Presidents love infrastructure. From President Trump’s promise to build “gleaming new roads, bridges, highways, railways, and waterways” to President Obama’s 2009 Recovery Act that poured billions of dollars into infrastructural projects, the promise of renewed infrastructure is the reliable, uncontentious, well-worn policy track American presidents can’t stop taking.
Infrastructure is certainly politically lucrative. For one, infrastructural developments offer irresistible opportunities for politicians to take credit for completed projects, most commonly in the form of ribbon-cutting photo ops. Infrastructure is also strikingly popular among the public, with almost every Gallup poll from the past five years highlighting its high support among American voters in both political parties.
Perhaps more significantly, infrastructural investments are touted as ‘macroeconomic multipliers’ with spending having a stimulatory effect on GDP, offering a boost to employment in certain industries, and a promise to avoid economic costs associated with defective public infrastructure. These links are well-acknowledged by political commentators and politicians alike, often invoking anecdotes of how President Franklin Delano Roosevelt’s infrastructure “saved” the United States from ruin after the Great Depression, or how President Eisenhower’s post-war Interstate Highway System made America an economic powerhouse.
Given the bipartisan popularity and economic promise of infrastructure, it should come as no surprise that President Biden, has also long entertained lavish infrastructure dreams. On 31 March, he released the second arc of his ‘Build Back Better’ agenda, the American Jobs Plan. In it, Biden promised sweeping improvements to America’s transportation systems, utilities, manufacturing and ‘care economy’ all while creating “millions of good jobs”.
In August, those dreams came closer to reality in the Biden administration’s first major legislative victory – the successful Senate vote (69-30) to pass the US$1 trillion Infrastructure Investment and Jobs Act. The plan emerged from weeks of intense bipartisan negotiations over priority projects and ‘pay-fors’ that teetered perilously on the edge of collapse more often than successful compromise.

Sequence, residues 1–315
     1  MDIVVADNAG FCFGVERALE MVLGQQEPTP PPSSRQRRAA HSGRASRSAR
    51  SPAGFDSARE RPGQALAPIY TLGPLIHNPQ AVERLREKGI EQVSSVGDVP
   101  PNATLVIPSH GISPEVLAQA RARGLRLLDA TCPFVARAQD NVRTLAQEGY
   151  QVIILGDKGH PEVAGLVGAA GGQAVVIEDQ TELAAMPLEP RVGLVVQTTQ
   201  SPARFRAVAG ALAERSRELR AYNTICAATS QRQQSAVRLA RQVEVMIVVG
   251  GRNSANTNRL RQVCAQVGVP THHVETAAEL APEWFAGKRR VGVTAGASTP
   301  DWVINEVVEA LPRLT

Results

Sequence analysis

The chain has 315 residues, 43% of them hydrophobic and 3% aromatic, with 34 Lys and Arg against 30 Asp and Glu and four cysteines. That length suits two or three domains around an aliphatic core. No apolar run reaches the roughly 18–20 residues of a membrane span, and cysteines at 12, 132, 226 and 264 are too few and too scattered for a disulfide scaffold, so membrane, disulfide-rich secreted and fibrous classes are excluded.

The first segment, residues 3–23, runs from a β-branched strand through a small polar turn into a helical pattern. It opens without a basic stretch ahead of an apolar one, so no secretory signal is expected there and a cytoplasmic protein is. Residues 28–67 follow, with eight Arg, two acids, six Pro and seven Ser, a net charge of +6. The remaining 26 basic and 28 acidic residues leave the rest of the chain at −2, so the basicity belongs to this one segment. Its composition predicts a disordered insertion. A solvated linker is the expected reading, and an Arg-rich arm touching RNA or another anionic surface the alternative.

While some considered the president’s push for bipartisan negotiation to be “a relic of an earlier age”, Biden did not back down. As Senator Chris Murphy (D-CT) pointed out during the Senate negotiations, “this process is complicated, it’s tricky, but it speaks to who this president is. He wants to bend over backwards to get a bipartisan agreement.”
It is perhaps not just the political and economic benefit that Biden hoped to receive from the bipartisan negotiation of the infrastructure bill, but instead a chance to earn the trust of his constituents, and to prove that, using his 50 years of Washington experience, he knows how to govern and how to deliver.
As Biden said in his remarks shortly after the bill passed, “I know compromise is hard for both sides, but it’s important – it’s important, it’s necessary – for a democracy to function… Today, we prove that democracy can still work.” By producing a bill with not only Republican support but strong Republican support, it signals the president’s commitment to restore American’s faith in their government and in democratic processes.
It is not yet clear if, how or when such onerous bipartisan negotiation may be demanded from lawmakers again. However, what is clear is moving forward Biden will look for opportunities to demonstrate Congress can be ambitious and functional, and that he can be trusted to deliver on his word. This is not just for the purposes of building trust among his constituents, but also among America’s allies and partners, as the president looks to dispel the myth that “democracy can’t compete in the 21st century… because it takes too long to get consensus.”
The president is confronting one of the most turbulent and fraught periods of his presidency to date. In the past month, his approval rating fell below majority support for the first time, COVID-19 numbers rose, vaccination numbers slowed and several US allies and partners criticised the administration for their chaotic withdrawal of troops from Afghanistan.
Now, the pressure for President Biden to prove his doubters wrong and revamp America’s democratic image has only increased. And so, negotiations over the Infrastructure Investment and Jobs Act, and most recently the US$3.5 trillion House budget reconciliation, are all the more important. Presidents love infrastructure. But, Biden now needs infrastructure to build his image back better.